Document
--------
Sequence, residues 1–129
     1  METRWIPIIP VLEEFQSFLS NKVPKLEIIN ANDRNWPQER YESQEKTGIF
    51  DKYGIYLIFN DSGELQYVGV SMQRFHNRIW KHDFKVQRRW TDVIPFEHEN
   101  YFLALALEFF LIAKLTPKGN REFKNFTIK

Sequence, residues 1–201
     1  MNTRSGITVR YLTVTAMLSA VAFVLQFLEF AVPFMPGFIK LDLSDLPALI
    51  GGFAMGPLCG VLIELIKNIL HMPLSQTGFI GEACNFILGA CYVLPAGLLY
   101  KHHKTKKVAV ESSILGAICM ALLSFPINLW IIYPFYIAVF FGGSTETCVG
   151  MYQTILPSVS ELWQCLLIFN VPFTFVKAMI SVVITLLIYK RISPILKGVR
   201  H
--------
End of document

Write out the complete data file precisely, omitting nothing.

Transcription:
Sequence, residues 1–129
     1  METRWIPIIP VLEEFQSFLS NKVPKLEIIN ANDRNWPQER YESQEKTGIF
    51  DKYGIYLIFN DSGELQYVGV SMQRFHNRIW KHDFKVQRRW TDVIPFEHEN
   101  YFLALALEFF LIAKLTPKGN REFKNFTIK

Sequence, residues 1–201
     1  MNTRSGITVR YLTVTAMLSA VAFVLQFLEF AVPFMPGFIK LDLSDLPALI
    51  GGFAMGPLCG VLIELIKNIL HMPLSQTGFI GEACNFILGA CYVLPAGLLY
   101  KHHKTKKVAV ESSILGAICM ALLSFPINLW IIYPFYIAVF FGGSTETCVG
   151  MYQTILPSVS ELWQCLLIFN VPFTFVKAMI SVVITLLIYK RISPILKGVR
   201  H